Hot flash: LAMINITIS by Dawn Jenkins
Dr. Jan Young DVM CF is a leading veterinarian, referral farrier and educator from Arizona USA. This is an extract from an article in which she discusses possible causative factors leading to founder/ laminitis and subsequent treatments.
For treatment, Young starts with a good set of lateral and dorsal-palmar radiographs to evaluate the exact location of the bone inside the hoof capsule.
“There is no way to guess,” Young says. “I would not trim the foot until I have seen the radiographs and see where the coffin bone is. Once the initial films are taken, trimming can be done, if necessary, to restore the hoof pastern axis, nothing more. New radiographs may be needed with markers to account for the placement of the frog support in the heart bar shoe. A heart bar should never be applied without radiographs!”
She tapes a metal marker (horseshoe nail, wire or paper clip) on the dorsal wall at the coronary band. The marker enables her to accurately measure the distance between the dorsal wall and P3. Normal distance on a light breed horse is 18 to 19 millimetres. If this distance increases, laminar swelling has occurred.
Getting Frog Support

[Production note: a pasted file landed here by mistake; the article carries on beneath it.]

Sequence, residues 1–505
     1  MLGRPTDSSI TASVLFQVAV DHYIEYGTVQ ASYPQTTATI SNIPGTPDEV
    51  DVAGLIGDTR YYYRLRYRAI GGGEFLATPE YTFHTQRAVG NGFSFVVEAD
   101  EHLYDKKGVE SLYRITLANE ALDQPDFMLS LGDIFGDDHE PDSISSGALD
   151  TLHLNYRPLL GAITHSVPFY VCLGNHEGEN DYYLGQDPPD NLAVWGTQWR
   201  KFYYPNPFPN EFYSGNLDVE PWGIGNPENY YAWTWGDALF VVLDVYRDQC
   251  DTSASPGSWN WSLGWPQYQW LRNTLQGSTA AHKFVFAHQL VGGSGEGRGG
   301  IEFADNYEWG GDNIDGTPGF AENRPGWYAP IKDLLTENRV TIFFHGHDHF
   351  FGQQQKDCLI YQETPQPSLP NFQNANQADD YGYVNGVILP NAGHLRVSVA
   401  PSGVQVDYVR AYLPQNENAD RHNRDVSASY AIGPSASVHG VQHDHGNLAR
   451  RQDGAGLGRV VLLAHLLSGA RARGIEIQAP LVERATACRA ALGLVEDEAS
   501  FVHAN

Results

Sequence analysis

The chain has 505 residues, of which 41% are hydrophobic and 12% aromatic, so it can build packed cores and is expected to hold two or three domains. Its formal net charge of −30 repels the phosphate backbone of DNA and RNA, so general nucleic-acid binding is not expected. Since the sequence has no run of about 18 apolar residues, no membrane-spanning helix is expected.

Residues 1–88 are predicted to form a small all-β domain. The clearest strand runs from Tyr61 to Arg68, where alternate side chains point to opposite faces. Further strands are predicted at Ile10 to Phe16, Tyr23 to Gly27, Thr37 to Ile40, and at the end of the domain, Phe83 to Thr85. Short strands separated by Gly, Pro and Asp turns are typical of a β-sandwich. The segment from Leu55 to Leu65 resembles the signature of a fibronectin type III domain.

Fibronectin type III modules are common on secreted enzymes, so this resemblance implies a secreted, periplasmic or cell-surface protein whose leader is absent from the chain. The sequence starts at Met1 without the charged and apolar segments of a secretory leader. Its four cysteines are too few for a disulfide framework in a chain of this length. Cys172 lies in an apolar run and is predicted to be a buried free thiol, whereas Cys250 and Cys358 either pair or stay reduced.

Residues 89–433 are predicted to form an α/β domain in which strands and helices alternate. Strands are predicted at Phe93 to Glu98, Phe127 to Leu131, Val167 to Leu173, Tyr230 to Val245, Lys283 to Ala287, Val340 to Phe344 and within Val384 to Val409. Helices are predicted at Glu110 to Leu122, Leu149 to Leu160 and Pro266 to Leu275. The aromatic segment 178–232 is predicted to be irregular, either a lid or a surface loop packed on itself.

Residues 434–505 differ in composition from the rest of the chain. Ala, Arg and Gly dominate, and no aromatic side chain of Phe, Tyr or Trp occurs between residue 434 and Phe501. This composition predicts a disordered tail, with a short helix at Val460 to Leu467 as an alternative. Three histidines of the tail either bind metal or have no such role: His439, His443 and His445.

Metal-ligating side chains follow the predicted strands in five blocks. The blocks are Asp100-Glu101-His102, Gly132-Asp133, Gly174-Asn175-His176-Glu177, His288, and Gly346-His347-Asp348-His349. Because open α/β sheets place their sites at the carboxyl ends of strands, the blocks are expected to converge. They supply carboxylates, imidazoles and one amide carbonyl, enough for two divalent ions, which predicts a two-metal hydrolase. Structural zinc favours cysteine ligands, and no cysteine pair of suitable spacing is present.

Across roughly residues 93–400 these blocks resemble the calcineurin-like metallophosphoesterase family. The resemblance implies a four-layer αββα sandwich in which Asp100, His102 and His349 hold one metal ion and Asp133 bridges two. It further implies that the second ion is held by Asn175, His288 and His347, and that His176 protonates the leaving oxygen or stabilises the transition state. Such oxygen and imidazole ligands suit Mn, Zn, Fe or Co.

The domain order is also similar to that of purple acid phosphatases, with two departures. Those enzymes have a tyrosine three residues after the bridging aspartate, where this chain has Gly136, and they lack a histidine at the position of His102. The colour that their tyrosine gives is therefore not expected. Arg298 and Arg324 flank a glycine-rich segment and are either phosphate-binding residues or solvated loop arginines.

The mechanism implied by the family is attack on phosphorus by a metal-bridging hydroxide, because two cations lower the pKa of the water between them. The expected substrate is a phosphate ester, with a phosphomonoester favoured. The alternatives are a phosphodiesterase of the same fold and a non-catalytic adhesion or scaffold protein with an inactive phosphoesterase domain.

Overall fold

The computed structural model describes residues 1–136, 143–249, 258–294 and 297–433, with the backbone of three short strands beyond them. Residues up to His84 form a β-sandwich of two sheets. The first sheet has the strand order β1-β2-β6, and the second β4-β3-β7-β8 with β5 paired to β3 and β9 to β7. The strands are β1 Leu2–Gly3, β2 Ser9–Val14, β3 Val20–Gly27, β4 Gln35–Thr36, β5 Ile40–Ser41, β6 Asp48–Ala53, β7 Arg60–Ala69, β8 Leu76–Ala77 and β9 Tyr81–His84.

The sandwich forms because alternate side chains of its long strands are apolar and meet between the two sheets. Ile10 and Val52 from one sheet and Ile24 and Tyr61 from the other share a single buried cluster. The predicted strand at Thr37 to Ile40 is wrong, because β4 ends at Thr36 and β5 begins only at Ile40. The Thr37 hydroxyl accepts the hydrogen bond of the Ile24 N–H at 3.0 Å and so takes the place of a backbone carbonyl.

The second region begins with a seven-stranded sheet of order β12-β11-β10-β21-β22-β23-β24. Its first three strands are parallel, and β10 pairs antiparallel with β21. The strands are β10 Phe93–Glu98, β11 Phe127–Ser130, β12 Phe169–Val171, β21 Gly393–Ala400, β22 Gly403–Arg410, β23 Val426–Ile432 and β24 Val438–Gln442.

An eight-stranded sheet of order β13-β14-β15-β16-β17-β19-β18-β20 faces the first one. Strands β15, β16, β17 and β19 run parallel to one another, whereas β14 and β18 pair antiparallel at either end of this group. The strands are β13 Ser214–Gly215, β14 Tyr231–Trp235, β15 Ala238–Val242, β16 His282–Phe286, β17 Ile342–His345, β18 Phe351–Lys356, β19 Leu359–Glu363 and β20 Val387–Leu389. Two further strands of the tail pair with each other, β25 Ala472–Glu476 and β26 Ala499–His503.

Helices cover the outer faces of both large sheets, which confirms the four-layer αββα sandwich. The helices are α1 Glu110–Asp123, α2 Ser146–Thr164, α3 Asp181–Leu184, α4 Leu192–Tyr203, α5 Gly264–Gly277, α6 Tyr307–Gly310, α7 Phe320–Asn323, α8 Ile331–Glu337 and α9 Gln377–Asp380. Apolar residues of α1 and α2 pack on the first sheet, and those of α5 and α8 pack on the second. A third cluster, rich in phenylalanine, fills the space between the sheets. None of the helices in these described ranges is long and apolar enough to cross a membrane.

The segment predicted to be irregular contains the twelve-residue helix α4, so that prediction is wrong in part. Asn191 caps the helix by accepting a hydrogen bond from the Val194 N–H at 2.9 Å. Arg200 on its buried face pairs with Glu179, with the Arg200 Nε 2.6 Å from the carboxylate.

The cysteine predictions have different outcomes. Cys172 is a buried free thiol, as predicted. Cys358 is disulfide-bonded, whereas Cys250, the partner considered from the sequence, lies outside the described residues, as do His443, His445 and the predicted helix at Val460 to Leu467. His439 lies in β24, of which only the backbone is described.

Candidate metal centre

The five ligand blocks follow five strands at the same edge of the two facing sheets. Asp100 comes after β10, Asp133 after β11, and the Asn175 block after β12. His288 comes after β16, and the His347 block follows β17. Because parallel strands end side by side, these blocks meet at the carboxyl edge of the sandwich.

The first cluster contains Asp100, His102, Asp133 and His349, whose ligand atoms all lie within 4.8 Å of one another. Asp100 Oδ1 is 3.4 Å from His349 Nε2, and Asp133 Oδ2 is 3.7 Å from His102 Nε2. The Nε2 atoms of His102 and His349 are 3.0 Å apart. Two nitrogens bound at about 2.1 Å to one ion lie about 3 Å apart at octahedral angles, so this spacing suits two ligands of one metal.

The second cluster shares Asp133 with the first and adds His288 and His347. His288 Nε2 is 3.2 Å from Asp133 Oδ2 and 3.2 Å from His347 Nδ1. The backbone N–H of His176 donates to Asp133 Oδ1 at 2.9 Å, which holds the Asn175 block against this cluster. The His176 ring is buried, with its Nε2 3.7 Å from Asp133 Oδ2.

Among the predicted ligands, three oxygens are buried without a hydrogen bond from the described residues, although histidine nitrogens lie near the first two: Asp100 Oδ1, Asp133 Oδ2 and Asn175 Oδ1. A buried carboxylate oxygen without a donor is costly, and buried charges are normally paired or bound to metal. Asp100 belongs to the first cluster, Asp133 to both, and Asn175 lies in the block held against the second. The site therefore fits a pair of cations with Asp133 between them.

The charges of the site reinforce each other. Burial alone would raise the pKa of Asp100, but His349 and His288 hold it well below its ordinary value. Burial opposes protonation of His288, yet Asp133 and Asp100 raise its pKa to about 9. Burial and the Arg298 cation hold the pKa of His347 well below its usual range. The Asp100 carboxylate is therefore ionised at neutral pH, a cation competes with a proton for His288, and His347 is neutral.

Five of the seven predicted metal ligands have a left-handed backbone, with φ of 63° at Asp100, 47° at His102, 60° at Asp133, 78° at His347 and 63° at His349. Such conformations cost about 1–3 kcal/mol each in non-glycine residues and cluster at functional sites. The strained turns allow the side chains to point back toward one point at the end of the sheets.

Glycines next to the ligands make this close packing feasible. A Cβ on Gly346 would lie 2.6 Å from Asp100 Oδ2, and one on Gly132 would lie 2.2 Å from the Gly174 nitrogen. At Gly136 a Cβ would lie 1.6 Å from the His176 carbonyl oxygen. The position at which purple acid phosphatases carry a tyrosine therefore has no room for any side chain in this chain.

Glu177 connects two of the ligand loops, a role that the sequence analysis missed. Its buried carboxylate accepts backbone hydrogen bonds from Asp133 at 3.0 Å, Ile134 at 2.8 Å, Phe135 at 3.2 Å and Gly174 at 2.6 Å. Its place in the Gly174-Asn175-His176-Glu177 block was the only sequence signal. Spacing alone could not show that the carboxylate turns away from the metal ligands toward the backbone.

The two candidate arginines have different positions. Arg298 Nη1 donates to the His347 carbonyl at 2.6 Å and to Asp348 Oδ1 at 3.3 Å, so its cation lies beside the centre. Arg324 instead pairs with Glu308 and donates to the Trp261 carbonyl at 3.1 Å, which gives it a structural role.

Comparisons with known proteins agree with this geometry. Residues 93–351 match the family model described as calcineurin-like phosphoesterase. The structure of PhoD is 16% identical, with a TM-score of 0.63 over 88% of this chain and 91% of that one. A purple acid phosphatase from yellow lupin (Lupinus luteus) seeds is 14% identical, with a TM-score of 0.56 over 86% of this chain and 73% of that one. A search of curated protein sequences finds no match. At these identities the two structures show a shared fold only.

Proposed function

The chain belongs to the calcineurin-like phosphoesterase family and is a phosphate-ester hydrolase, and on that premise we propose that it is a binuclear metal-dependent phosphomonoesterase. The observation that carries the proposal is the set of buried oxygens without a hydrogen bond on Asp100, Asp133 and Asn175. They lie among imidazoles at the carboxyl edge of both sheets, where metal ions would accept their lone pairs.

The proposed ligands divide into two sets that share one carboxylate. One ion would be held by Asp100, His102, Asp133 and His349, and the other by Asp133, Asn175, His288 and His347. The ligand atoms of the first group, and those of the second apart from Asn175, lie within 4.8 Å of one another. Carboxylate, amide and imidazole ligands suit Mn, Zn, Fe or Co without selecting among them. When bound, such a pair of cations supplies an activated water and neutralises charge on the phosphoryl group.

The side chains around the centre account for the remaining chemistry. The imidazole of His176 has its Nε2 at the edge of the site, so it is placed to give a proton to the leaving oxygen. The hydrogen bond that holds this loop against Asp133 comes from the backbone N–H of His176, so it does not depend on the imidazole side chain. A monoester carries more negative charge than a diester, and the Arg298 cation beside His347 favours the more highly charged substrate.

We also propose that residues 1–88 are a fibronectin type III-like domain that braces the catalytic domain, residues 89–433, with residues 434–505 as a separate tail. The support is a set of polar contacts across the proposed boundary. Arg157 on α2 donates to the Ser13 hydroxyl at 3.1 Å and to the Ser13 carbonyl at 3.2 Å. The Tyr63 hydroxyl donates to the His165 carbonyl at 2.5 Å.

Young prefers not to wedge a horse, as it is often difficult to get the horse down to a normal angle again. Her method of choice in achieving frog support without sole pressure is a heart bar shoe with hospital plate, but she has also had some excellent results using plastic Imprint Shoes.
She purchased the new flexible therapeutic heart bar shoes at the 2003 AFA convention to have on hand for the heat- related laminitic cases she knew would come. Developed by farrier Andrew Poynton of England, the Imprint Shoes (www.imprintshoes.co.uk) become soft and pliable in hot water. A small bead of two-part adhesive is dispensed within the rim, then the cuffed shoe is stretched over the hoof capsule, shrinking and moulding to the foot as it cools.
“I’m very happy with the Imprint Shoes,” Young says. “The horses are so much more comfortable. They stay on well. The shoes work better than I had expected”
Young strives to get the horse off anti- inflammatory drugs (including phenythutazone, commonly called bute) within about 2 weeks. She feels that continued, unmanageable pain is a poor prognosis – so comfort is the key. If the horse isn’t comfortable, she looks for toe-wall seroma, a build up of fluids.
“Fluid in the hoof capsule can be frustrating,” she says. “Whether from seroma pockets or abscesses, you may not be able to visualize them on radiographs and not know that they are there. They migrate and break out at the heel and at the coronary band. They are very painful – as if you hit your thumb with a hammer and develop a blood blister under the finger nail”
Extract from an article that first appeared in American Farriers Journal – May/June 2004 Vol. 30 No. 4.
Reprinted with permission from American Farriers Journal, P.O. Box 624, Brookfield, WI USA 53008-0624.
© 2004 American Farriers Journal